Despite strong efficacy, dermatologist survey indicates Incyte's Opzelura uptake may face uphill climb: report

Atopic Dermatitis
SVB Leerink says a recent survey of dermatologists shows there is "an unmet need for novel topicals or other treatment options" in approximately two-thirds of patients with atopic dermatitis and psoriasis. (Shutterstock)

A survey of 50 United States-based dermatologists shows that they believe Incyte’s recently approved topical atopic dermatitis treatment, Opzelura, is effective but that safety concerns—as a JAK inhibitor—will hinder its uptake.

The study, which was commissioned by SVB Leerink and conducted by MEDACorp, shows that physicians believe Opzelura, also know as ruxolitinib, will be overtaken by other promising treatments which are in development, specifically Dermavant Sciences’ tapinarof and Arcutis Biotherapeutics’ roflumilast.

In August, the FDA accepted Dermavant’s approval application for tapinarof, a therapeutic aryl hydrocarbon receptor modulating agent. Arcutis is conducting phase 3 trials for roflumilast, which has the same active ingredient as AstraZeneca’s oral lung drug Daliresp, which was approved a decade ago for chronic obstructive pulmonary disease.

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In the survey, physicians rated Opzelura as good (36%), very good (50%) or excellent (14%) for atopic dermatitis and registered their concerns as neutral (20%), slightly concerning (44%) or very concerning (10%).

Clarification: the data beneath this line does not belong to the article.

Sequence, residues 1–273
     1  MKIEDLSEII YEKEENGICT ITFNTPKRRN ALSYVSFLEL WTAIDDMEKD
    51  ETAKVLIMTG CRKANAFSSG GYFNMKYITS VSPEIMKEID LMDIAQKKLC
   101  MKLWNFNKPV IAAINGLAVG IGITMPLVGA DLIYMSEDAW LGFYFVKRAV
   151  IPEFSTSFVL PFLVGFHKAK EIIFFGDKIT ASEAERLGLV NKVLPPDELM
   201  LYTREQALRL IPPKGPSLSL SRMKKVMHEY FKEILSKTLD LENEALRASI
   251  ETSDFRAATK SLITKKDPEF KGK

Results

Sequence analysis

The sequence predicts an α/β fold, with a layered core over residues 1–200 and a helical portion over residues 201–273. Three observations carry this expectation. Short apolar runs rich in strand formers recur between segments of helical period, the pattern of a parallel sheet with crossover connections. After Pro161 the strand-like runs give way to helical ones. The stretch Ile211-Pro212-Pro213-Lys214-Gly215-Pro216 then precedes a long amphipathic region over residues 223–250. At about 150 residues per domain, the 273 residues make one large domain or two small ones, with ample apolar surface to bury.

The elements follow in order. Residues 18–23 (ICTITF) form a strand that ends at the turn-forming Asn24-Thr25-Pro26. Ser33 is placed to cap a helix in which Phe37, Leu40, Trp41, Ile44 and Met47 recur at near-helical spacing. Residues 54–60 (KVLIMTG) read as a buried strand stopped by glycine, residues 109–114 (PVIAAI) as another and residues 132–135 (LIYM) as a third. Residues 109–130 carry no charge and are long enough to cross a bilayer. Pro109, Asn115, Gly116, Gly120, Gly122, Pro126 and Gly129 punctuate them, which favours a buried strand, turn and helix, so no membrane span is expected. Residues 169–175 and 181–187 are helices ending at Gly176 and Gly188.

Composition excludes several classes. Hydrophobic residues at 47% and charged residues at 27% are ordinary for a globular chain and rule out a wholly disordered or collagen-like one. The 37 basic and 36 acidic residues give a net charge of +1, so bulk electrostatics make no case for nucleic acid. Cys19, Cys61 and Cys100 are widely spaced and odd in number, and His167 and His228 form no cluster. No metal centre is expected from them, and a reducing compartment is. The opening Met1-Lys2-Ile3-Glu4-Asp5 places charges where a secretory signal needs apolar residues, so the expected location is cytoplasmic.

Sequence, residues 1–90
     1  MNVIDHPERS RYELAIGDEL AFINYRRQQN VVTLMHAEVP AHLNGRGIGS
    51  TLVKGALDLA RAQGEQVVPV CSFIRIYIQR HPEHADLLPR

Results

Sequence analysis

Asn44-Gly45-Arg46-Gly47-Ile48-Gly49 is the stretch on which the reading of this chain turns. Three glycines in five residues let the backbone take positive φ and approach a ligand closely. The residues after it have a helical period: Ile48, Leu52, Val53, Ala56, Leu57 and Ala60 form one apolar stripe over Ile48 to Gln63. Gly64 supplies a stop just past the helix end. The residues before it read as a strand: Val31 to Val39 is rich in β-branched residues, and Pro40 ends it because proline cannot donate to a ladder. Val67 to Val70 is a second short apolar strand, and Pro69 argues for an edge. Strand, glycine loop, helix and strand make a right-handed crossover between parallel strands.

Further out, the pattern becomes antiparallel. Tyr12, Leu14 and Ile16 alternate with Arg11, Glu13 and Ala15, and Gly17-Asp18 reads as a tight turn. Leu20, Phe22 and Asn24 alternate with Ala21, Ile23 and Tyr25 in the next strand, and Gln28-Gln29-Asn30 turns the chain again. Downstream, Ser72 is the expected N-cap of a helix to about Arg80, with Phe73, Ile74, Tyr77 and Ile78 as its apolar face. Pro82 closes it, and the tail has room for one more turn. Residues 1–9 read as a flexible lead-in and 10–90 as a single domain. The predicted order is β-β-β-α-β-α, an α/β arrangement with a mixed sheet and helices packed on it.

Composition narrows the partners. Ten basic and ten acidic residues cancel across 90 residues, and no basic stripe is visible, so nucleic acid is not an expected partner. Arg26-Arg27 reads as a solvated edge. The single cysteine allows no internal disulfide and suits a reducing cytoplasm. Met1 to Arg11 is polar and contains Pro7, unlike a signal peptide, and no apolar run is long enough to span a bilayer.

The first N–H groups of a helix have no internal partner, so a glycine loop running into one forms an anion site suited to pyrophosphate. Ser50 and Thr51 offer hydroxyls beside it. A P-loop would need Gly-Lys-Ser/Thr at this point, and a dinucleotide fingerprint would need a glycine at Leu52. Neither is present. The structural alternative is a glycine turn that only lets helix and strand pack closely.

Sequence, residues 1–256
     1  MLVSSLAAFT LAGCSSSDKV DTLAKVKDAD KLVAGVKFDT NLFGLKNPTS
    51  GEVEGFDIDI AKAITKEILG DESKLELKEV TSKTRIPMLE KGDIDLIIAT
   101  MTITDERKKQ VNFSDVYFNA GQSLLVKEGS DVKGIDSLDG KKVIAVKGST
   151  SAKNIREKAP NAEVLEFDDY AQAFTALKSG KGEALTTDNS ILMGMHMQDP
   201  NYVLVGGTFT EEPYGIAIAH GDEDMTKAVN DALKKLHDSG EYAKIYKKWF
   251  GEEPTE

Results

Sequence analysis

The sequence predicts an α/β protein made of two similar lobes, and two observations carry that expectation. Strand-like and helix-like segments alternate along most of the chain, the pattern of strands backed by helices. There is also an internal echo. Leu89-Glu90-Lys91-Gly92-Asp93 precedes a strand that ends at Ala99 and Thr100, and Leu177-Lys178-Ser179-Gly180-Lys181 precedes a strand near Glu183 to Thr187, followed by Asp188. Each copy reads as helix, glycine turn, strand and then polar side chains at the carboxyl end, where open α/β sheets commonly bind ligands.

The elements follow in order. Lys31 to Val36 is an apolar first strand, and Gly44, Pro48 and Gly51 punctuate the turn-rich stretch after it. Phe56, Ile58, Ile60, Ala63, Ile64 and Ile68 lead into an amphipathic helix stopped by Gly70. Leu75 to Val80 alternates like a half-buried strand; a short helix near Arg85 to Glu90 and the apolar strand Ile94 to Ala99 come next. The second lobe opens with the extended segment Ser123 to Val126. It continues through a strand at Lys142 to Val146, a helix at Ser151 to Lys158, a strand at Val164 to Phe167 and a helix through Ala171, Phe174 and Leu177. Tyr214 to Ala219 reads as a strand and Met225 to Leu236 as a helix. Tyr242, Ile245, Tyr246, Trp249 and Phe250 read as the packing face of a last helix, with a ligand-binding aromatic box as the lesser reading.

The results also indicate that more than three-quarters of dermatologists would reserve combination use of Opzelura for only some patients. Additionally, most would use Opzelura only after first trying corticosteroids or other topicals, regardless of the severity of the disease. The FDA approved Opzelura cream for mild-to-moderate patients who do not respond sufficiently to other topical prescription meds or when those treatments are not appropriate for the patient.

The survey also found that roughly two-thirds of patients under care for mild to severe forms of psoriasis and atopic dermatitis are on topical treatments (mostly corticosteroids) but that only one-third  maintain remission with topicals alone. This implies that there is “an unmet need for novel topicals or other treatment options in approximately two-thirds” of patients with these two conditions.

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The survey suggests that Dermavant’s tapinarof has a potentially best-in-class profile among topicals for both atopic dermatitis and psoriasis.

Earlier this year, the FDA made it a requirement for companies selling JAK inhibitors that treat certain chronic inflammatory conditions to warn about the increased risk of serious heart-related events, cancer, blood clots and death.